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Guide to the 38 Bach Flower Remedies

  • Agrimony – mental torture behind a cheerful face
  • Aspen – fear of unknown things
  • Beech – intolerance
  • Centaury – the inability to say ‘no’
  • Cerato – lack of trust in one’s own decisions
  • Cherry Plum – fear of the mind giving way
  • Chestnut Bud – failure to learn from mistakes
  • Chicory – selfish, possessive love
  • Clematis – dreaming of the future without working in the present
  • Crab Apple – the cleansing remedy, also for self-hatred
  • Elm – overwhelmed by responsibility
  • Gentian – discouragement after a setback
  • Gorse – hopelessness and despair
  • Heather – self-centredness and self-concern
  • Holly – hatred, envy and jealousy
  • Honeysuckle – living in the past
  • Hornbeam – procrastination, tiredness at the thought of doing something
  • Impatiens – impatience
  • Larch – lack of confidence
  • Mimulus – fear of known things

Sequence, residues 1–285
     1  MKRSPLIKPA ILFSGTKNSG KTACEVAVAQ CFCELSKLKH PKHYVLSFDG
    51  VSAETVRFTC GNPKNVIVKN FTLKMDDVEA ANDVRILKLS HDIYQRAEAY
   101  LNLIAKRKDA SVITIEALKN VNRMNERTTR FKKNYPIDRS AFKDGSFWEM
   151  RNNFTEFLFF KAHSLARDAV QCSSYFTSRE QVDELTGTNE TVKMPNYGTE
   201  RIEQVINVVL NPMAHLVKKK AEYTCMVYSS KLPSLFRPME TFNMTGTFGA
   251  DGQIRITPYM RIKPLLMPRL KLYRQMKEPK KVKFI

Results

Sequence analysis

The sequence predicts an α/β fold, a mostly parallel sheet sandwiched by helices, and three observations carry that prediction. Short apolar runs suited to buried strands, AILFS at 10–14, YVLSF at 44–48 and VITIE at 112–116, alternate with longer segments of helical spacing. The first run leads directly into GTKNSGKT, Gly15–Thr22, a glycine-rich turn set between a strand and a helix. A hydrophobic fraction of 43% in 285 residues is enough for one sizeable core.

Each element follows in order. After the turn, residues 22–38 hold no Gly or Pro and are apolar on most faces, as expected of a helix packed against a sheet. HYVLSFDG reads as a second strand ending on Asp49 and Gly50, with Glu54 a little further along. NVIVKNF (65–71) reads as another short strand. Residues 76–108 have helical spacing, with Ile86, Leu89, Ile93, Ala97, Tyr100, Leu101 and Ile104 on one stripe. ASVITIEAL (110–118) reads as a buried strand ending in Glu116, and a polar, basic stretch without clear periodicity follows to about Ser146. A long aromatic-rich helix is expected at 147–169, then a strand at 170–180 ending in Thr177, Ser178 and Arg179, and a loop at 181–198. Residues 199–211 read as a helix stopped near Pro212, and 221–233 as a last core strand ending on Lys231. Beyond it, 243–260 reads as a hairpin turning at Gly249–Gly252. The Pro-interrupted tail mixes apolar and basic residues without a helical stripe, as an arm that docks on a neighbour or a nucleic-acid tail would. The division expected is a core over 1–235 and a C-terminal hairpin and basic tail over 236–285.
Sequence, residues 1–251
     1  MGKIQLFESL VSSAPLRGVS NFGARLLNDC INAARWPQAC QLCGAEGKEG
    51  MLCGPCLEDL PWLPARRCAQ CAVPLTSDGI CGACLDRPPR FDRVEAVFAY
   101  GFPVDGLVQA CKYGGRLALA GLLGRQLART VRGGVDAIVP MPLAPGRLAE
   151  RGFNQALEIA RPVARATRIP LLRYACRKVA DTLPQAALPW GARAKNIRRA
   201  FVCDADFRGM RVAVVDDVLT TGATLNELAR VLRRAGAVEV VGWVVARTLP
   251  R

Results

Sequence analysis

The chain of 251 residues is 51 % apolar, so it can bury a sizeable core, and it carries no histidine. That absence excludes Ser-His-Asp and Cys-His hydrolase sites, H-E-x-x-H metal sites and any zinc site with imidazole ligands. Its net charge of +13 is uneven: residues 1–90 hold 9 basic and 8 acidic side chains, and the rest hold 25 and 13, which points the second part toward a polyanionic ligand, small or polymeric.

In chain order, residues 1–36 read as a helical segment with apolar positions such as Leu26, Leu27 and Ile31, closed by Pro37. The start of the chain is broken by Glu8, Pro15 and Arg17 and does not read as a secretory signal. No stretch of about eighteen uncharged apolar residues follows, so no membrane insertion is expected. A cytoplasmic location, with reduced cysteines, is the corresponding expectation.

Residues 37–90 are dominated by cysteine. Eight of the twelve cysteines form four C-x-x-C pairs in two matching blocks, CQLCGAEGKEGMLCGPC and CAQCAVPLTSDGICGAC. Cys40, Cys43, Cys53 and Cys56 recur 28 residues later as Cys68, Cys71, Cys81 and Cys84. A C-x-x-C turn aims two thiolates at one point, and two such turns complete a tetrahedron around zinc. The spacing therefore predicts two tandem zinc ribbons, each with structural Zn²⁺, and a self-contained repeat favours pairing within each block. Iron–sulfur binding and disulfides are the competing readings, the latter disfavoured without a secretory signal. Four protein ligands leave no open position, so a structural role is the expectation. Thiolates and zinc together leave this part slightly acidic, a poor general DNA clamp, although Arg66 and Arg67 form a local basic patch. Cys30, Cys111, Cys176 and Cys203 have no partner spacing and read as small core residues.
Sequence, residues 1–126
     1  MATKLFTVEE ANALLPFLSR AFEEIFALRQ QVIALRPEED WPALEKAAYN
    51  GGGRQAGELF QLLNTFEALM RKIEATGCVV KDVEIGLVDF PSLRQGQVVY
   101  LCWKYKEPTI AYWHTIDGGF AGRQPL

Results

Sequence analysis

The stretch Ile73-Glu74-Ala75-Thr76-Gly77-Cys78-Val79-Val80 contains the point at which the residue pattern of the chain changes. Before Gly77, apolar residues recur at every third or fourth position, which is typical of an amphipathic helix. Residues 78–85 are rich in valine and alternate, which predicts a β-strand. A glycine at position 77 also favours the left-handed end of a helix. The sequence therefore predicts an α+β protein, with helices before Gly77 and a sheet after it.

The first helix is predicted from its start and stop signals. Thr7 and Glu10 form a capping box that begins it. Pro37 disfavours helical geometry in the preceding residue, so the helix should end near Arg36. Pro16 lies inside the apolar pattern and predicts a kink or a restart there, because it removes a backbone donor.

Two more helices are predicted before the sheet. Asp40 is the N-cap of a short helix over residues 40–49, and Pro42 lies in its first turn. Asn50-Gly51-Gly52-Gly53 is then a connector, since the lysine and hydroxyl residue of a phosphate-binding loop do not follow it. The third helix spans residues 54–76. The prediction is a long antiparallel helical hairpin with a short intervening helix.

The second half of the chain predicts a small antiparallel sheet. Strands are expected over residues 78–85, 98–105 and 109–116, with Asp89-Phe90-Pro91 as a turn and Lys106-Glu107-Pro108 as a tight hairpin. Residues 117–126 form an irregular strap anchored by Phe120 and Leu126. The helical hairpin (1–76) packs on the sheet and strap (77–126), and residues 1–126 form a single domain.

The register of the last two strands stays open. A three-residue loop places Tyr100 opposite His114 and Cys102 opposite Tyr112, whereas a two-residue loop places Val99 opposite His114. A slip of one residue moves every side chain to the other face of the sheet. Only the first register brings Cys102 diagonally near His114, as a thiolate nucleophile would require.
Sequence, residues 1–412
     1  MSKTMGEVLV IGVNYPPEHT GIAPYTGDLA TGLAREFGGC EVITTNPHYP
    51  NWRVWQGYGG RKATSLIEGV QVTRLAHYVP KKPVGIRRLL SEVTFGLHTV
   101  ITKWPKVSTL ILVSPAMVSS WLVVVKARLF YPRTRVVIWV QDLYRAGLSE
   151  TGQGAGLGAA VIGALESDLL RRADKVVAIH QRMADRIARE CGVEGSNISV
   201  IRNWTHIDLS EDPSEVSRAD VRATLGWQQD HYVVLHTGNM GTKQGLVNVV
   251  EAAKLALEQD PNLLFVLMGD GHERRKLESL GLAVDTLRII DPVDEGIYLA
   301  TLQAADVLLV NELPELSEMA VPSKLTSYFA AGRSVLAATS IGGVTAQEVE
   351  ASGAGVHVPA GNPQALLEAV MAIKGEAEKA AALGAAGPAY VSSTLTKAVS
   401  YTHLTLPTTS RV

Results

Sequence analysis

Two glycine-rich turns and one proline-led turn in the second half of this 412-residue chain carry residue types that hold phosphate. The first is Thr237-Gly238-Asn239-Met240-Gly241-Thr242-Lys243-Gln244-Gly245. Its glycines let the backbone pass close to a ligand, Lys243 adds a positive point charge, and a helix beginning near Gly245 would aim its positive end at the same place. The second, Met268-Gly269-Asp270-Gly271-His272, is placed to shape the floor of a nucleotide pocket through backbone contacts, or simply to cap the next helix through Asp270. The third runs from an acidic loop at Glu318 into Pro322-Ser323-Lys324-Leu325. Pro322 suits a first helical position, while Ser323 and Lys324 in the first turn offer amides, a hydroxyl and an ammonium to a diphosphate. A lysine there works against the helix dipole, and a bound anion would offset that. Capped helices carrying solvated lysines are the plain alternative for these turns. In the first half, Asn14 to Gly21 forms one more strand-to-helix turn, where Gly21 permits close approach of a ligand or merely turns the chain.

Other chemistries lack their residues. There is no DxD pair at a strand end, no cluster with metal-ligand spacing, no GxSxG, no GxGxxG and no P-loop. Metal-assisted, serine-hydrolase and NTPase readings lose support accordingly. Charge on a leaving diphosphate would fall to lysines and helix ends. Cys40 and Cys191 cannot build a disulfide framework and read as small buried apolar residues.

• Mustard – deep gloom for no reason
  • Oak – the plodder who keeps going past the point of exhaustion
  • Olive – exhaustion following mental or physical effort
  • Pine – guilt
  • Red Chestnut – over-concern for the welfare of loved ones
  • Rock Rose – terror and fright
  • Rock Water – self-denial, rigidity and self-repression
  • Scleranthus – inability to choose between alternatives
  • Star of Bethlehem – shock
  • Sweet Chestnut – Extreme mental anguish, when everything has been tried and there is no light left
  • Vervain – over-enthusiasm
  • Vine – dominance and inflexibility
  • Walnut – protection from change and unwanted influences
  • Water Violet – pride and aloofness
  • White Chestnut – unwanted thoughts and mental arguments
  • Wild Oat – uncertainty over one’s direction in life
  • Wild Rose – drifting, resignation, apathy
  • Willow – self-pity and resentment

Fear

  • Terror – Rock Rose
  • Fear of unknown things – Mimulus
  • Fear of mind giving way Cherry – Plum